The concentration of the pharmaceutically active compound is adjusted so that an injection provides an effective amount to produce the desired pharmacological effect. The exact dose depends on the age, weight and condition of the patient or animal as is known in the art.

The unit-dose parenteral preparations are packaged in an ampoule, a vial or a syringe with a needle. All preparations for parenteral administration must be sterile, as is known and practiced in the art.

Illustratively, intravenous or intraarterial infusion of a sterile aqueous solution containing an active compound is an effective mode of administration. Another embodiment is a sterile aqueous or oily solution or suspension containing an active material injected as necessary to produce the desired pharmacological effect.

Injectables are designed for local and systemic administration. In one embodiment, a therapeutically effective dosage is formulated to contain a concentration of at least about 0.1% w/w up to about 90% w/w or more, in certain embodiments more than 1% w/w of the active compound to the treated tissue(s).

The compound may be suspended in micronized or other suitable form or may be derivatized to produce a more soluble active product or to produce a prodrug. The form of the resulting mixture depends upon a number of factors, including the intended mode of administration and the solubility of the compound in the selected carrier or vehicle. The effective concentration is sufficient for ameliorating the symptoms of the condition and may be empirically determined.

Additional acceptable liquid-phase carriers for oral delivery include, for example, mouth washes or mouth rinses.

Lyophilized Powders

Of interest herein are also lyophilized powders, which can be reconstituted for administration as solutions, emulsions and other mixtures. They may also be reconstituted and formulated as solids or gels.

The sterile, lyophilized powder is prepared by dissolving a compound provided herein, or a pharmaceutically acceptable derivative thereof, in a suitable solvent. The solvent may contain an excipient which improves the stability or other pharmacological component of the powder or reconstituted solution, prepared from the powder. Excipients that may be used include, but are not limited to, dextrose, sorbital, fructose, corn syrup, xylitol, glycerin, glucose, sucrose or other suitable agent. The solvent may also contain a buffer, such as citrate, sodium or potassium phosphate or other such buffer known to those of skill in the art at, in one embodiment, about neutral pH. Subsequent sterile filtration of the solution followed by lyophilization under standard conditions known to those of skill in the art provides the desired formulation. In one embodiment, the resulting solution will be apportioned into vials for lyophilization. Each vial will contain a single dosage or multiple dosages of the compound. The lyophilized powder can be stored under appropriate conditions, such as at about 4° C. to room temperature.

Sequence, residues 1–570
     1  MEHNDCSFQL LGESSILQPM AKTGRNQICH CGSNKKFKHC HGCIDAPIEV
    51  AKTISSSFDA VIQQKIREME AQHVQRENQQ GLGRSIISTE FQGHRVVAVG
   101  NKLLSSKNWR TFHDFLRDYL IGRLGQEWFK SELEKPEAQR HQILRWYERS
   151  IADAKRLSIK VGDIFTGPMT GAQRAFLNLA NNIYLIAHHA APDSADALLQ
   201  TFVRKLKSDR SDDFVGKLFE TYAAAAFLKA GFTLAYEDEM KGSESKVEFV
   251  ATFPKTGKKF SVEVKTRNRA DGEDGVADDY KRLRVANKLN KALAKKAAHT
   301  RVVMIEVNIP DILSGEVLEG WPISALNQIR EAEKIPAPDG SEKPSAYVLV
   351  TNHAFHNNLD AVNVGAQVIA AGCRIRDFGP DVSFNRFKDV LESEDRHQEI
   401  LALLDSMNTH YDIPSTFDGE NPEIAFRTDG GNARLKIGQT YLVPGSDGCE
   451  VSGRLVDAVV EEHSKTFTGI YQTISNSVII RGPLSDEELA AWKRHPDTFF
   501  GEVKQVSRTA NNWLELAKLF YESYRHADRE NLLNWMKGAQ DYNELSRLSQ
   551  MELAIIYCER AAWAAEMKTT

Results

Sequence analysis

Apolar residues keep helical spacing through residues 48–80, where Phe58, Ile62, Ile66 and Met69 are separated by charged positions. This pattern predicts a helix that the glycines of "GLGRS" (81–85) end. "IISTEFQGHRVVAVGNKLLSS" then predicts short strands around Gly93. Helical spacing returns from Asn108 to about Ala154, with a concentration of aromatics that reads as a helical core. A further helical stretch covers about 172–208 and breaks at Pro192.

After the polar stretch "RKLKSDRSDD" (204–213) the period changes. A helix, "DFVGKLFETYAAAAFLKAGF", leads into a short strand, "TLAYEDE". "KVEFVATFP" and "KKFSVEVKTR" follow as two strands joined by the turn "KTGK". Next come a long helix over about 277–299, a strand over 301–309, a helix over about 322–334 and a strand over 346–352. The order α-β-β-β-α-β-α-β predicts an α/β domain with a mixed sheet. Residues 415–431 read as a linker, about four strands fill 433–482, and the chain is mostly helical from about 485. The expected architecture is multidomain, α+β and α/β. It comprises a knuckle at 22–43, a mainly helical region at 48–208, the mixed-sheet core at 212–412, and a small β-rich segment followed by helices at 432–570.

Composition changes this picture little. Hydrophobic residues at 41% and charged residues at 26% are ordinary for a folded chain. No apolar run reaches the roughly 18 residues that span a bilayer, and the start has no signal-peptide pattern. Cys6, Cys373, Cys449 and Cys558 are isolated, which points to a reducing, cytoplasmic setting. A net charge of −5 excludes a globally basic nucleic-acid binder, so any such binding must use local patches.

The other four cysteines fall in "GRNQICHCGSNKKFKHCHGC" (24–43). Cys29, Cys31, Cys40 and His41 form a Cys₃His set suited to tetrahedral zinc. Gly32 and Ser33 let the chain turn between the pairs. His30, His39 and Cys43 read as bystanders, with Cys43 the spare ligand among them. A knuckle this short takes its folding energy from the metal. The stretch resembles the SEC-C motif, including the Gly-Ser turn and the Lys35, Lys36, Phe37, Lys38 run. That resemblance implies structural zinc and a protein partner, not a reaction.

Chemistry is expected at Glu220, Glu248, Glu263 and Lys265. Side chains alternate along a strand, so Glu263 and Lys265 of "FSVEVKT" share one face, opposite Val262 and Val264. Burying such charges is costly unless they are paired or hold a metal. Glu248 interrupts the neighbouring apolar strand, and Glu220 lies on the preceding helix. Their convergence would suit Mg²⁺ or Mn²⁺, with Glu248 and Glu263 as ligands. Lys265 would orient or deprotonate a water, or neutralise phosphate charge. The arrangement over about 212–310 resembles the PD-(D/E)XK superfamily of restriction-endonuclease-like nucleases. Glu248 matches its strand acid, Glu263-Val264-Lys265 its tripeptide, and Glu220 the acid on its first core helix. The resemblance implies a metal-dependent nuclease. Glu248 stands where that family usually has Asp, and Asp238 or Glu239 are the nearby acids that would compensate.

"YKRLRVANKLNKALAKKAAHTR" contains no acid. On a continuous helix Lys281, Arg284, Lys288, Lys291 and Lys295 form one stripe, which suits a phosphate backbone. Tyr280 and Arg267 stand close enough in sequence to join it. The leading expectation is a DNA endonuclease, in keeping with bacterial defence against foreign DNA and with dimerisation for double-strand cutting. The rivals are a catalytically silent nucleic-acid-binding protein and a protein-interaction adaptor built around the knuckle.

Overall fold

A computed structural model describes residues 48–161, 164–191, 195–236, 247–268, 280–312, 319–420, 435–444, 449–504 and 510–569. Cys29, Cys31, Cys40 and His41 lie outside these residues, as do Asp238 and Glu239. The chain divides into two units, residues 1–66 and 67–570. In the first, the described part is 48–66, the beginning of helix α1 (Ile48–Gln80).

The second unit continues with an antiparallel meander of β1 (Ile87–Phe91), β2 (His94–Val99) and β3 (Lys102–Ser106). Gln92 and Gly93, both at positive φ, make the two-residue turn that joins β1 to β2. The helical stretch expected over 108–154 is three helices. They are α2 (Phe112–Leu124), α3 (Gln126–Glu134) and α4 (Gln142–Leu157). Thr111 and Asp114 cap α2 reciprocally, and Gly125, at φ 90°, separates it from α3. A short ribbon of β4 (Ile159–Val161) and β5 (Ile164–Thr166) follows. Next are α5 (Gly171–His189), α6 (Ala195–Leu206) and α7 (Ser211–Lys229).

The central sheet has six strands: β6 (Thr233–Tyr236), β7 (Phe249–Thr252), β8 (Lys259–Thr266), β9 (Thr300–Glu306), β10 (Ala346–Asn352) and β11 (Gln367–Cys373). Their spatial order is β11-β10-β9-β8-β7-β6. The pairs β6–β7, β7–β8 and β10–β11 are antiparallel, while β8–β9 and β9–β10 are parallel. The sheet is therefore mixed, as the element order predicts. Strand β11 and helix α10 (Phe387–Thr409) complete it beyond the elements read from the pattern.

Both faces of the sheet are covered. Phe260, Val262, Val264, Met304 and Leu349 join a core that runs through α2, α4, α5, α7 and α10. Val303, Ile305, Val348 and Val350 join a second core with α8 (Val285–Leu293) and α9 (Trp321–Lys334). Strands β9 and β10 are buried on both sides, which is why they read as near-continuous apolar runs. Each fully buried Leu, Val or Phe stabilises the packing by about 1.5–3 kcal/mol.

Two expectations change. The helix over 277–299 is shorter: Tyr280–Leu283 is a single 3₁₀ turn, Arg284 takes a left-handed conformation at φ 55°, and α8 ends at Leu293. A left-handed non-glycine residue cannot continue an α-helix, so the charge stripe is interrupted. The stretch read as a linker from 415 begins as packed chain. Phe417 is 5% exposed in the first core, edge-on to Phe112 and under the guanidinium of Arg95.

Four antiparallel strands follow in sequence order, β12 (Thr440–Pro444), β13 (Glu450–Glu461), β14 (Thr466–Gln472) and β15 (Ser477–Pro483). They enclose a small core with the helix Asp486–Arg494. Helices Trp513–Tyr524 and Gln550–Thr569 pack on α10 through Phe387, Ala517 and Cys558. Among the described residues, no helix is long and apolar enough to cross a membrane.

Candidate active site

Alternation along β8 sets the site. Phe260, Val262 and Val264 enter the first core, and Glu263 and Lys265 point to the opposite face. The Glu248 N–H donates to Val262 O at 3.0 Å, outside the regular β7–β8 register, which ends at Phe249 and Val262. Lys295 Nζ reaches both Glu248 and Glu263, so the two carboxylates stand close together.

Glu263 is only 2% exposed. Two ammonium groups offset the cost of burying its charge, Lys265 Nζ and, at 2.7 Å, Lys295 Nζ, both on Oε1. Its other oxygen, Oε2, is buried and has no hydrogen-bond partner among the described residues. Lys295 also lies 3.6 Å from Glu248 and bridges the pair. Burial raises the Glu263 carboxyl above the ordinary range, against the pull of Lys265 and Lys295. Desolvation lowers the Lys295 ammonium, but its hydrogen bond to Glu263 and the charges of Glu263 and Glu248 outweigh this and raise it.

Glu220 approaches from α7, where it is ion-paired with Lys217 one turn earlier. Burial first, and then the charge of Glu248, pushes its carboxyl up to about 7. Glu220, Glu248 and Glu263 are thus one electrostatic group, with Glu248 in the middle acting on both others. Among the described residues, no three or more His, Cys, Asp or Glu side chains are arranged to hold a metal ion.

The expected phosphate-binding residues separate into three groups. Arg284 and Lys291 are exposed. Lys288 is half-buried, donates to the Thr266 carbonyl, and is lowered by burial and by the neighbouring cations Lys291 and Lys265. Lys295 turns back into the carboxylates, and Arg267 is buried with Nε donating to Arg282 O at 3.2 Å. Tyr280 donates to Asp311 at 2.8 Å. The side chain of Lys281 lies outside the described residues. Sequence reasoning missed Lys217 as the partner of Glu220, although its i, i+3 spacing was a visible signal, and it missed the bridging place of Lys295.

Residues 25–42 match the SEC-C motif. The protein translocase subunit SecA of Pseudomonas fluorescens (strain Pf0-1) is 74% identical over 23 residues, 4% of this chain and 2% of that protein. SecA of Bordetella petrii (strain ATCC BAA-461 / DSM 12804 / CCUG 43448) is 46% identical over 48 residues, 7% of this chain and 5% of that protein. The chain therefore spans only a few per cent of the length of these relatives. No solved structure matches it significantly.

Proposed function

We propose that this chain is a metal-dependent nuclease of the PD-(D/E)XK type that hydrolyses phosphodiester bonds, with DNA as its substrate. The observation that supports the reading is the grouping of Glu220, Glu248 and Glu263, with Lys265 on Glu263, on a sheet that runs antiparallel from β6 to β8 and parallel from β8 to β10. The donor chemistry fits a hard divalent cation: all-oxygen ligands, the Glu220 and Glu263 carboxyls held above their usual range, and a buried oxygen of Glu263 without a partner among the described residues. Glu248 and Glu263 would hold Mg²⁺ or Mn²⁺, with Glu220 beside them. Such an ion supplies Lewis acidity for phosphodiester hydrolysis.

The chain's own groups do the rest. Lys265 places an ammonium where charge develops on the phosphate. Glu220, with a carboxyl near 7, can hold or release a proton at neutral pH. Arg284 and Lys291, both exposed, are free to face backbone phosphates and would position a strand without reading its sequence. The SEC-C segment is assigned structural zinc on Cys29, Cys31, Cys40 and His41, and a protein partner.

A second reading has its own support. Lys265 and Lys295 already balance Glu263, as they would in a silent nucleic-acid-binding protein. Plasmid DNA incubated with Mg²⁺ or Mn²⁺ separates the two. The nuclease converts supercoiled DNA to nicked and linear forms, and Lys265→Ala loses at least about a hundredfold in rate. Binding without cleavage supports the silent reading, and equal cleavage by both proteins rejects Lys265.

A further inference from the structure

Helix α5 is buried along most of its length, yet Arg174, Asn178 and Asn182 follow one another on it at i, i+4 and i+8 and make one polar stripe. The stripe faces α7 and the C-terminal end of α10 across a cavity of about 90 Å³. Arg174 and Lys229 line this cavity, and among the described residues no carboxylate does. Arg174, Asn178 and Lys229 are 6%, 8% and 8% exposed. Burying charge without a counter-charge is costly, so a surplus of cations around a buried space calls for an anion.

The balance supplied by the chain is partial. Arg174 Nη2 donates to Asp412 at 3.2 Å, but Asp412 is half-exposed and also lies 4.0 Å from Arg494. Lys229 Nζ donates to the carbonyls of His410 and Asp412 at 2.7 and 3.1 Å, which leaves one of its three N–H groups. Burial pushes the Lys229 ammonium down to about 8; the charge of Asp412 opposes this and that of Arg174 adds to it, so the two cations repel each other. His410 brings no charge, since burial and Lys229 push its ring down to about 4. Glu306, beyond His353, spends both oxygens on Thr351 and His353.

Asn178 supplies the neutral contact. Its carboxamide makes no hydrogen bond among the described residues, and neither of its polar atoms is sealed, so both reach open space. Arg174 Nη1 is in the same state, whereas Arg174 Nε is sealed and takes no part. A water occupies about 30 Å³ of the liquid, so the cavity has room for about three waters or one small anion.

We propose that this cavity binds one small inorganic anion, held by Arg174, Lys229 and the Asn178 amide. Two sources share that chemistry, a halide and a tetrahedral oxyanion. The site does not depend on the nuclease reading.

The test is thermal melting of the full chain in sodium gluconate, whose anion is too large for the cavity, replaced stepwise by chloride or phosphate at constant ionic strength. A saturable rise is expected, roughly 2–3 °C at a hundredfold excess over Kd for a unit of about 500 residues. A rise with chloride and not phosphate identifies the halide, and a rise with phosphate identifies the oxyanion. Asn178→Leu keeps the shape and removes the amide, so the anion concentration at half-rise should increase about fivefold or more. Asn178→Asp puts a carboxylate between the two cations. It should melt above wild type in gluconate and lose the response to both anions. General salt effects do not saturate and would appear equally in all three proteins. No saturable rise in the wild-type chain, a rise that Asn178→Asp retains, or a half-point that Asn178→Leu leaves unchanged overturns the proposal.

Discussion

Reconstitution of this lyophilized powder with water for injection provides a formulation for use in parenteral administration. For reconstitution, the lyophilized powder is added to sterile water or other suitable carrier. The precise amount depends upon the selected compound. Such amount can be empirically determined.

Topical Administration

Topical mixtures are prepared as described for the local and systemic administration. The resulting mixture may be a solution, suspension, emulsions or the like and are formulated as creams, gels, ointments, emulsions, solutions, elixirs, lotions, suspensions, tinctures, pastes, foams, aerosols, irrigations, sprays, suppositories, bandages, dermal patches or any other formulations suitable for topical administration.

The compounds or pharmaceutically acceptable derivatives thereof may be formulated as aerosols for topical application, such as by inhalation (see, e.g., U.S. Pat. Nos. 4,044,126, 4,414,209, and 4,364,923, which describe aerosols for delivery of a steroid useful for treatment of inflammatory diseases, particularly asthma). These formulations for administration to the respiratory tract can be in the form of an aerosol or solution for a nebulizer, or as a microfine powder for insufflation, alone or in combination with an inert carrier such as lactose. In such a case, the particles of the formulation will, in one embodiment, have diameters of less than 50 microns, in one embodiment less than 10 microns.